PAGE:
World Hepatitis Day, held annually on July 28th, is a day of awareness focused solely on bringing to light, the effects and impacts that hepatitis produces globally. World Hepatitis Day focuses on fixing many of the preventable causes that facilitate the spread of hepatitis. Points of emphasis include: increasing the number of individuals that receive vaccinations, properly instructing medical staff on safety measures for giving injections and drawing or transfusing blood, informing local populations of causes and effects, and instructing individuals on safe sexual practices.
Why should you care?
Approximately one third of the World’s population has, at some point, been infected by hepatitis. In fact, in all of its various forms, hepatitis affects 2,151,400,000 individuals. Many individuals infected with hepatitis remain undiagnosed and unaware of their conditions, unknowingly risking other individuals. If you are sexually active, it is very important to go to your local doctor’s office and get screened for hepatitis and other sexual transmitted infections and diseases to protect yourself and others.
Hepatitis A, affects approximately 1.4 million individuals, mainly affecting the liver of infected individuals. Of all the forms of hepatitis, the A strain is of the least concern in terms of life threatening effects. Hepatitis A is generally contracted through one of three methods: consuming contaminated food, ingesting contaminated water, and direct contact with an infected individual. A vaccination for hepatitis A does exist, and in general, improving sanitary conditions in living quarters and food facilities, can reduce much of the threat posed by hepatitis A.
Hepatitis B is by far the most impactful of all the hepatitis strains. Hepatitis B has impacted approximately two billion humans. Hepatitis B can be a lethal strain of hepatitis and claims close to 686,000 lives every year to direct, or related complications, of the infection. Similar to the A strain, hepatitis B infections target the body’s liver and can lead to various forms of cancer and cirrhosis. Hepatitis B is generally contracted through direct contact between infected and uninfected individuals, through the exchange of blood or bodily fluids. While hepatitis B possess a more significant threat, like hepatitis A, an effective vaccination against the strain does exist.
Hepatitis C is responsible for approximately 150 million chronically infected individuals. While hepatitis C is not as widespread as its B strain counterpart, it is the most lethal, as it is responsible for taking nearly 700,000 lives each year. Similar to how the other strains of hepatitis react, hepatitis C targets the liver of individuals and commonly results in various forms of liver cancer and cirrhosis. Hepatitis C is a blood borne virus, and is contracted through the exchange of blood between infected individuals and uninfected persons. While there currently exists no vaccination against hepatitis C, antiviral medications can be extremely effective in curing infected persons.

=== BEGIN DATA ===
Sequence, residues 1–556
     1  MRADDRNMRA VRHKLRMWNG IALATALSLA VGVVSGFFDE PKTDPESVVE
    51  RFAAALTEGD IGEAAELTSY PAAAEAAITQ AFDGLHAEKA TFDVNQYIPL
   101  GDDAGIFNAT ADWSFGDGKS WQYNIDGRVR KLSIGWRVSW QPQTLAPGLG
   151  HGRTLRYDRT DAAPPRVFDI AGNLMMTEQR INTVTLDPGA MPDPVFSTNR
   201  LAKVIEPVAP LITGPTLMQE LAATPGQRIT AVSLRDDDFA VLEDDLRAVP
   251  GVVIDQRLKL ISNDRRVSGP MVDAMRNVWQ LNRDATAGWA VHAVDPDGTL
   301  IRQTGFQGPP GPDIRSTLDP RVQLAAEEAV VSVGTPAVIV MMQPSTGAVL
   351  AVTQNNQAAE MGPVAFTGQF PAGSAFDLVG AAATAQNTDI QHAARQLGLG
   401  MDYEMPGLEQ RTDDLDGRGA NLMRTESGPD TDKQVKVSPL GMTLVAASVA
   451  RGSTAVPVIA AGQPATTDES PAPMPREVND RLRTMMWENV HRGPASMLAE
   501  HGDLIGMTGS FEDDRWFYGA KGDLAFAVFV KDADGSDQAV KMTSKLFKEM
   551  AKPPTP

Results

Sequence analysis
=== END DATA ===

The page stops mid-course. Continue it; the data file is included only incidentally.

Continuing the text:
World Hepatitis Day 2016
The 2016 World Hepatitis Day’s official theme for the year is “Elimination”. This year’s awareness day is especially significant, as it marks the first time that various state governments participating in the World Health Organization, have joined together to sign an agreement to formulate a program aimed at reducing the global threat of hepatitis. The strategy sets 2030 as the completion year, in which viral hepatitis will no longer exist as a public health threat.
How can you help?
World Hepatitis Day, officially ran by the World Hepatitis Alliance, is running a campaign this year called “NOHEP”, focused on increasing awareness and engaging individuals in movements to help their cause in reducing the health threat of hepatitis. You can practice safe sex, good hygiene, and avoidance of other activities that involve contact with unsanitary needles or objects that can contain blood or bodily fluids. You should also inform others about the dangers and preventable methods to avoid the contraction of hepatitis. Additionally, if you wish to learn more directly from the sources, you can visit the World Hepatitis Day official website.
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